Westborough family inspired to help Tanzanian children
If it seemed strange to Josef and Anne Kottler that their 22-year-old daughter, Elisha, was infatuated with the young inhabitants of a small, poor town in Tanzania, their puzzlement didn't last long.
After the Westborough residents traveled to Bagamoyo themselves this past June, they both admitted that the experience left them changed people.
"People can see when we talk about our experience, and our faces light up, how much this means to us," Anne Kottler said. "It's given more meaning to our lives."
Since returning, the Kottlers have made it their goal to help raise money to send a handful of Bagamoyo's street children to secondary school and give them hope for a better life.
Their journey began when Elisha Kottler, a student at Champlain College, went on her second trip to Tanzania to volunteer at a Bagamoyo children's center called IMUMA - an abbreviation of the Swahili words imani (faith), upendo (love) and matumaini (hope). Founded by Tanzanians Shariff and Asha Yusef, IMUMA gives about 49 children somewhere to go during the day and provides them a safe place to make friends and get a rare meal, Anne Kottler said.
According to the Kottlers, their daughter quickly fell in love with the children who came to the center.
"She fit right in," Anne Kottler said. "We wanted to know what it was like, why she was so drawn (to it)."
So the Kottlers, who had never been to Africa, flew to meet their daughter in Bagamoyo, a relatively well-developed town in the southern part of the country. What they found was a society lacking in material things but rich in culture.
"They seem to have a really positive and enduring spirit," Josef Kottler said. "It's definitely the friendliest country I've ever visited. People made us feel welcome everywhere we went."
The Kottlers quickly discovered that in Bagamoyo even strangers happily greet each other on the street. Tanzania, compared to other African countries, is also safe - there is no war or political instability.
But the nation is undeniably poor. "It's just a different life," Josef Kottler said. "Their whole existence is based on survival."
Most people lived in crude stick and mud homes, usually built around a communal water source. Food is scarce, and disease - particularly AIDS and malaria - is rampant. The economy is also extremely limited. Most Tanzanians lucky enough to finish their education find employment in the country's tourism industry, Anne Kottler said.
For the children who come to IMUMA, life offers little promise at all. Many of the children have one or no parents and spend their days on the streets, trying to find at least one meal to eat. In Bagamoyo, childhood ends quickly.
"These kids are bright," Anne Kottler said. "They just haven't been given what we've been given.
"All they want is some attention - they're starving for it."
The Yusefs have given kids a chance to escape the streets and join the community of IMUMA. But now they are raising the stakes by trying to get the kids into school, which will give them a chance to escape poverty. This year, more than 30 IMUMA children were sent to school.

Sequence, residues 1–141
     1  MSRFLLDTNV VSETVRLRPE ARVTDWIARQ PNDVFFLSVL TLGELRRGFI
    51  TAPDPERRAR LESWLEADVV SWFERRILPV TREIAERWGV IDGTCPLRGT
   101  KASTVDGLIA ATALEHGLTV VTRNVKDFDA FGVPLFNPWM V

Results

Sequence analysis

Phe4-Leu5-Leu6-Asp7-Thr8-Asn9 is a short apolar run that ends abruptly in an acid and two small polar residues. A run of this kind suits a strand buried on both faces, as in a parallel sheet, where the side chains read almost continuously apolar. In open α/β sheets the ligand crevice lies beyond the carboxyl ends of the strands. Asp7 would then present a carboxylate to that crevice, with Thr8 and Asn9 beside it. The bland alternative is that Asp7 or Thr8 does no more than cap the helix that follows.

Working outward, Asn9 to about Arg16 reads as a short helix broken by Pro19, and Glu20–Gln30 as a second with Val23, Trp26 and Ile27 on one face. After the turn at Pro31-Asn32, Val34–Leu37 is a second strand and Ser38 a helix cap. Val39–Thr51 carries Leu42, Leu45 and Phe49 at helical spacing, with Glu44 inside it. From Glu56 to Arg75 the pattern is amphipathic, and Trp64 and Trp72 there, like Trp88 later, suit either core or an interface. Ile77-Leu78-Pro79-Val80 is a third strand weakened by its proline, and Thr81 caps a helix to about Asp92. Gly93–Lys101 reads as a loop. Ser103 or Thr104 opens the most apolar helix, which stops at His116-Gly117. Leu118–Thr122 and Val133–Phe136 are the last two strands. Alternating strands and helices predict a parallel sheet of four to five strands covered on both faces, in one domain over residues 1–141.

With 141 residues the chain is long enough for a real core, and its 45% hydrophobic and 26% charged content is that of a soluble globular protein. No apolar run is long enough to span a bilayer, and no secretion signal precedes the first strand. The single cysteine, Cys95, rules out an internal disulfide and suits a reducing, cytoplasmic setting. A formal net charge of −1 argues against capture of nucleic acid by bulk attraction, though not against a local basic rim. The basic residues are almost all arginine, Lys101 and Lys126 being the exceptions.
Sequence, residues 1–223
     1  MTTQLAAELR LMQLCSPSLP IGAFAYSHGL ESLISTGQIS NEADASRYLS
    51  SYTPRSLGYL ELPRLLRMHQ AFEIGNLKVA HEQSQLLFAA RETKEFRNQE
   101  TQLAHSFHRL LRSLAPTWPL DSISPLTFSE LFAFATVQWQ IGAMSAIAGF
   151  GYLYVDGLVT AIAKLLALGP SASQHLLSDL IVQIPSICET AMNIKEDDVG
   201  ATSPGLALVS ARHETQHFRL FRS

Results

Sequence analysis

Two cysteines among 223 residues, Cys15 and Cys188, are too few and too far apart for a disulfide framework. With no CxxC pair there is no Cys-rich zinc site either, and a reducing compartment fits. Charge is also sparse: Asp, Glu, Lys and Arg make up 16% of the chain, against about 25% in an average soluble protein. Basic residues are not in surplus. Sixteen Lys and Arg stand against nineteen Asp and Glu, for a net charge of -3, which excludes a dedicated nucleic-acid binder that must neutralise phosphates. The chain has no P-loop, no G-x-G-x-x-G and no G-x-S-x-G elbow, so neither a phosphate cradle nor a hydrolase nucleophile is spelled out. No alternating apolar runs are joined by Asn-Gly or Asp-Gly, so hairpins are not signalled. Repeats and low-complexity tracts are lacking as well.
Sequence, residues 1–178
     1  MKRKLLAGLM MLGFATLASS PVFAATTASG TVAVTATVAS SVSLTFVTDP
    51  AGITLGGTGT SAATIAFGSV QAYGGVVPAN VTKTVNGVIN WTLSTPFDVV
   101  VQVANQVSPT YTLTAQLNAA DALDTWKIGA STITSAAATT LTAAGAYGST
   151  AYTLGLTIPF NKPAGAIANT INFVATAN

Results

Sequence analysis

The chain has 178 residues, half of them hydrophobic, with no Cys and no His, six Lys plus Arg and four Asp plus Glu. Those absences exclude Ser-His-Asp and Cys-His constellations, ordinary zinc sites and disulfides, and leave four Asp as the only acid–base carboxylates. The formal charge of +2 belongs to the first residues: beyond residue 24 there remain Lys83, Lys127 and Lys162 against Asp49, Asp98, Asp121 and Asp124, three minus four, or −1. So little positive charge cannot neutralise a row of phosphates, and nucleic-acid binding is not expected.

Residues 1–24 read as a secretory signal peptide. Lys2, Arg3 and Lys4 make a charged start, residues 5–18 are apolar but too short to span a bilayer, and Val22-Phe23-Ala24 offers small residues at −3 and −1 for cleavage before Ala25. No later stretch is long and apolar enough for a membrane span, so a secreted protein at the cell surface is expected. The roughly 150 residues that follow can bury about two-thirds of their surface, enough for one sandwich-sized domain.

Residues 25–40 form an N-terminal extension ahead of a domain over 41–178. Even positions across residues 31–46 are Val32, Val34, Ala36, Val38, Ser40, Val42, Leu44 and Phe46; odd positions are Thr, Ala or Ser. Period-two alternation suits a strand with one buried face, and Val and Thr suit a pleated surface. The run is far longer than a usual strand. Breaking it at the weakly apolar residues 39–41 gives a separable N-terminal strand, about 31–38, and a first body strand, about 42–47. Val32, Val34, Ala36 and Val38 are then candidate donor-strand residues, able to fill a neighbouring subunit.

For the center's six oldest kids, however, the $100 annual tuition fee for secondary school exceeds the modest budgets of most Tanzanians, let alone children without any source of family or personal income. When the Kottlers returned to Westborough, they vowed to send them the money to get their education.
The Yusefs also hope to build a computer center at IMUMA so kids will be able to learn to use the Internet. The Kottlers have sent two laptops to Bagamoyo, and have entered into a deal with the Salvation Army in Australia to send 15 more.
Back home, the Kottlers launched their new organization, Reach For Tomorrow, which they are running in cooperation with the Worcester-based non-profit YOU Inc. They are also teaming up with Needham event management company CN Planners and local establishments that are hosting their fundraisers.
Last Saturday they held their first event at Westboro Tennis and Swim Club, raising $600 toward their goal. Next Saturday, they are holding a poker tournament at Plymouth Church in Framingham. On Dec. 6, they will host a cocktail party, dinner and African art sale at Hisa Japanese Restaurant in Westborough.
Altogether, the Kottlers said they are hoping to raise $5,000 to 6,000 toward their goal.
"A little bit of money goes a long way," said Josef Kottler, who added that $4,000 is enough money in Tanzania to construct the planned computer lab.
When asked why they, like their daughter, have become so passionate about IMUMA's cause, the Kottlers said that their experience put the poverty they saw into perspective.
"When you come face to face with these individuals, when you play soccer with them or sing a song with them, the abstraction is gone and there are these children," Josef Kottler said. "You look into their eyes, and they're asking for help.
For more information on Reach For Tomorrow, visit www.reach4tomorrow.info.
The MetroWest Daily News